Eight months ago there was another major upheaval in my life and and all the subsequent crises have been like the aftershocks of an earthquake. Throughout it all I’ve been encountering people who reflect God and His love; people who aren’t afraid to hold me accountable, but are able to do so out of a spirit of love, understanding, and acceptance. People who refuse to do for me that which I can do for myself and more importantly refuse to allow me to seek from them that which can only be provided by God…rest, renewal, and restoration.
As a result, I’ve been doing more whirling around in circles, but I’m realizing that’s ok. I am in a dance with the Lord and He is restoring me and renewing with each spin around and step I take.
Yesterday, I visited a church and for the first time heard the song, ” Your latter will be greater.” It took me a minute or two before I grasped what was actually being sung.
Your latter will be greater than your past,
It didn’t make any sense to me. I had real difficulty grasping the meaning. Which is just not acceptable to me. I confess that I have a huge flaw – pride in my intellect and my ability to think, understand, and analyze things. After the service I had an encounter with a couple of people that was so obviously God-ordained, it was unmistakable that He is doing something in my life, and I stopped thinking about that song. Another unavoidable God moment occurred this morning and even though I have recently had to make some painful and difficult choices and have experienced some financial loss and challenging family relationship issues, I showed up at work with a smile on my face and a song in my heart.
Another song came to mind while I was on my way to work, “It is well.” After work I went to You Tube and searched for both of those songs. I read the story behind, “It is well.” According to what I found on You Tube – In 1873, two years after the death of his only son and after the loss of all of his material & real estate holdings in the great Chicago fire, Horatio Spafford wrote the words to the hymn “It is Well with My Soul” after the death of his four daughters. (He wrote it on the ocean while sailing near the spot where his daughters died.)
I also happened across a CNN article about a pastor I had never heard of regarding controversy about his newest, soon to be best selling book, which I had also never heard of: Pastor Rob Bell, from Mars Hill Bible Church in Grandville, Michigan, and “Love Wins: A Book About Heaven, Hell, and the Fate of Every Person Who Ever Lived.” The article had some interesting points taken from an interview with Pastor Bell, which struck me as significant within the context of my recent experiences.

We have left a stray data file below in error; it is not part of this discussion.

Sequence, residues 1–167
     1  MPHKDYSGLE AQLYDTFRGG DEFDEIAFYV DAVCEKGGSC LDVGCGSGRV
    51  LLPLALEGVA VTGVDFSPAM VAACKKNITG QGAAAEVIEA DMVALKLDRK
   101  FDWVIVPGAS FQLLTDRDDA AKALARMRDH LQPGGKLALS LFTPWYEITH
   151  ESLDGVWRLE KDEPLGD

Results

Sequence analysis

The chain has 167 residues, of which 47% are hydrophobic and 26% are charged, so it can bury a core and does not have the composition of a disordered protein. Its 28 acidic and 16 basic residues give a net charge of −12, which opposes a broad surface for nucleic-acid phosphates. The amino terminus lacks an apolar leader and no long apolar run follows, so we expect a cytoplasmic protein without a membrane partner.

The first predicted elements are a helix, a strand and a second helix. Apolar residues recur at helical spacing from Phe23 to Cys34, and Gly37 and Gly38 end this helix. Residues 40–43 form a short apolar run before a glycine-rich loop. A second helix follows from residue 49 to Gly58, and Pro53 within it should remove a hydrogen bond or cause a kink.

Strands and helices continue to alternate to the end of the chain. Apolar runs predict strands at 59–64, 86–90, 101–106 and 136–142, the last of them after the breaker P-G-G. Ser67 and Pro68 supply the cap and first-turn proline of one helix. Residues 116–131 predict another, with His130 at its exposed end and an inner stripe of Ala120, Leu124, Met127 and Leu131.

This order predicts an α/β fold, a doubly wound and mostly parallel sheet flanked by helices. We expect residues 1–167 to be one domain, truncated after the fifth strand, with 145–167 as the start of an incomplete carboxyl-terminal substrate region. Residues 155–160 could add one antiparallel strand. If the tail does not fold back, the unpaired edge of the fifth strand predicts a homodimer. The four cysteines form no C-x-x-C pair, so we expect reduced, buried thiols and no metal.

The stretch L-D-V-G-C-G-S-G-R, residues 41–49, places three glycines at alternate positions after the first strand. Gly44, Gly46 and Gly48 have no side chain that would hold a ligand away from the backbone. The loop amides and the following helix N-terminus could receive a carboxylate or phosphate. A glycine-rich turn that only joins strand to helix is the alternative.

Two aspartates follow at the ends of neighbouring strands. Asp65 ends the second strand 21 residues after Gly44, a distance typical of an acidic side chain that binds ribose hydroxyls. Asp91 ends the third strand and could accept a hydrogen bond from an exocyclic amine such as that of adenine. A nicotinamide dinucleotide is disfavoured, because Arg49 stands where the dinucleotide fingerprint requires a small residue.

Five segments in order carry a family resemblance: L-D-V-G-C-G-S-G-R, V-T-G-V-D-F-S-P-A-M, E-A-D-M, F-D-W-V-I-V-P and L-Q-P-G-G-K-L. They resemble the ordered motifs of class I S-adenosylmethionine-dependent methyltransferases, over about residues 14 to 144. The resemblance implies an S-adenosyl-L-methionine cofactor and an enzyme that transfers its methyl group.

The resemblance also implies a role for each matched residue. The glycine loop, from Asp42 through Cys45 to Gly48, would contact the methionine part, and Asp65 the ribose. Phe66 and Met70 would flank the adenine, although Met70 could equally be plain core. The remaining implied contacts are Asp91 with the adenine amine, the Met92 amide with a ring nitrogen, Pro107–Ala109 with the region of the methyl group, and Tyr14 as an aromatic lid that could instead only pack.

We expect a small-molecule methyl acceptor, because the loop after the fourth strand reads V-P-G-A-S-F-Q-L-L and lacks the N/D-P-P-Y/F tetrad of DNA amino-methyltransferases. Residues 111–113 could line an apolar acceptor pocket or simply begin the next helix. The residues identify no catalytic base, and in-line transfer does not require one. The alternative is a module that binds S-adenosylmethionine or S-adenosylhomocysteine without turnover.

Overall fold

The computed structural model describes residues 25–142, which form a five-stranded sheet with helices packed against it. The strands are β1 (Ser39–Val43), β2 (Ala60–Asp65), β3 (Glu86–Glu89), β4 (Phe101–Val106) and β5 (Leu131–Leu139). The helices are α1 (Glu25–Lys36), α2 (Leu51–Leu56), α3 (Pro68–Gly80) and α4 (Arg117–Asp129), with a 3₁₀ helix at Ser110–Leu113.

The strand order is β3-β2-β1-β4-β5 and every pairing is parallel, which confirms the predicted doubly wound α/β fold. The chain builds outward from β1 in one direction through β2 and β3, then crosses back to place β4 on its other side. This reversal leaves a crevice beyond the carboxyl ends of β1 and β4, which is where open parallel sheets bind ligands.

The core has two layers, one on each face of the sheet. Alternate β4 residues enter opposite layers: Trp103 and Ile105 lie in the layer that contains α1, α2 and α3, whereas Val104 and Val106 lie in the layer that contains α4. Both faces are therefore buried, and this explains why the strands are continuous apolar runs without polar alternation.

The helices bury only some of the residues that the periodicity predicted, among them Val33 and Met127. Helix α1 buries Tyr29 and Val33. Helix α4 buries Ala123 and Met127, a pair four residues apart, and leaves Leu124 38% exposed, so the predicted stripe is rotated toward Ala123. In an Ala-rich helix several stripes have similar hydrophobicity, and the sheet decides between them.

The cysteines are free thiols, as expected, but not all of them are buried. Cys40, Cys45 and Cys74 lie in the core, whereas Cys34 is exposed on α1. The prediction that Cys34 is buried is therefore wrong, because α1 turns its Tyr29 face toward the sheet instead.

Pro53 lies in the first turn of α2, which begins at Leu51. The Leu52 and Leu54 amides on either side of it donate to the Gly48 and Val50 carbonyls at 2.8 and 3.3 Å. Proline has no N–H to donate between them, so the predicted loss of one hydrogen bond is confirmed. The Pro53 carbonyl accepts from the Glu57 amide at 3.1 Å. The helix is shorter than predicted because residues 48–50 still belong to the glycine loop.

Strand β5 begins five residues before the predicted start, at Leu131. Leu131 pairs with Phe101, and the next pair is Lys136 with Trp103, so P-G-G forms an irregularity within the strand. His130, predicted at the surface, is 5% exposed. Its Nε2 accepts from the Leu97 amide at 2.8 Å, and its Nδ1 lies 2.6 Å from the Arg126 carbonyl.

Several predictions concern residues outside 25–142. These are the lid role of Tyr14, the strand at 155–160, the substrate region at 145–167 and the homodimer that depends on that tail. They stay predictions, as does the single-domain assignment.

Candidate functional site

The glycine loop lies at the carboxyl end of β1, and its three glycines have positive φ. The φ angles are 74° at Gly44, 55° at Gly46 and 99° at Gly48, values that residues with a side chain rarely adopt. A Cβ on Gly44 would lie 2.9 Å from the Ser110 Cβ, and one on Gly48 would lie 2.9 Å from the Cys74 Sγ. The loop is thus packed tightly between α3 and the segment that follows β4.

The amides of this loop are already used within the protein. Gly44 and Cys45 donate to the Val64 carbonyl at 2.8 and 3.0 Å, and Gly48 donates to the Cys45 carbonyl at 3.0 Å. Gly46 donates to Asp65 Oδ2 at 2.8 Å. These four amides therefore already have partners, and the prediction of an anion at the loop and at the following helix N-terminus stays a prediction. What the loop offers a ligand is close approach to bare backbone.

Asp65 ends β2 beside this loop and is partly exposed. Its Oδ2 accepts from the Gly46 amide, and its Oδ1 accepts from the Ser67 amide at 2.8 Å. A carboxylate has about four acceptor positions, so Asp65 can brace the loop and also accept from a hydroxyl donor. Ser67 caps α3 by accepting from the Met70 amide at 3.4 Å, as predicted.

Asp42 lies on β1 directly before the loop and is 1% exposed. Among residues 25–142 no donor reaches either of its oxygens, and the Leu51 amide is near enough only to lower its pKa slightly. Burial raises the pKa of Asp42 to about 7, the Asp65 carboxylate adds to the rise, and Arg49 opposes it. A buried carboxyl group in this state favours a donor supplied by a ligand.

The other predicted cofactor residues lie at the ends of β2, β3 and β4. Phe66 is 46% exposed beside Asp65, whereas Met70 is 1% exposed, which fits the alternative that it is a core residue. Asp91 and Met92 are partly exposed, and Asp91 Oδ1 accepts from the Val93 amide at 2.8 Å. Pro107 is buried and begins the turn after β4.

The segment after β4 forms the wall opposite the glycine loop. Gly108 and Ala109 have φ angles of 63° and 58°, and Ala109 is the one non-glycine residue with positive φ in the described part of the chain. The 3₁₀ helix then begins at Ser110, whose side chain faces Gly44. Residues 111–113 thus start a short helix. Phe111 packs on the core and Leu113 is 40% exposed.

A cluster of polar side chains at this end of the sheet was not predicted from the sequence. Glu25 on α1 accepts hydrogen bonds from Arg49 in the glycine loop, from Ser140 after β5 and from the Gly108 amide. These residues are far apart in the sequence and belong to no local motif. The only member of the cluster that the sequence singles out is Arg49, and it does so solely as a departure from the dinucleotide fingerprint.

“At the heart of the Christian story is [the message that] God loves the world and sent his son Jesus to show the world this love. So that’s fundamentally first and foremost the story. God is love and God sent Jesus to show this love.
“For many people the fundamental story was one of escape – Jesus is how you get out of here. I think for many people in the modern world, the way they heard it was fundamentally, ‘This place is bad, and there is some other place, and Jesus – believe, accept, trust, confess, join, get baptized, whatever sort of language got put on it – Jesus is how you get to some other realm where things are good.’
“So essentially it’s a theology of evacuation. And my understanding is the Bible is first and foremost a story of restoration. It’s a story of renewal.”
Then, I understood: The latter part of my life and my experiences, here on earth, from this point forward, continually and continuously moving from the here and now, today, will be greater and better than anything I have experienced up to the present. I am renewed and restored even as I am being renewed and restored.
You latter will be greater than your past,
you will be blessed, more than you could ask.
Despite all that has been done, the best is yet to come
All things are possible,
possible, possible, possible.
““But blessed is the one who trusts in the LORD, whose confidence is in him. They will be like a tree planted by the water that sends out its roots by the stream. It does not fear when heat comes; its leaves are always green. It has no worries in a year of drought and never fails to bear fruit.”” – Jeremiah 17:7-8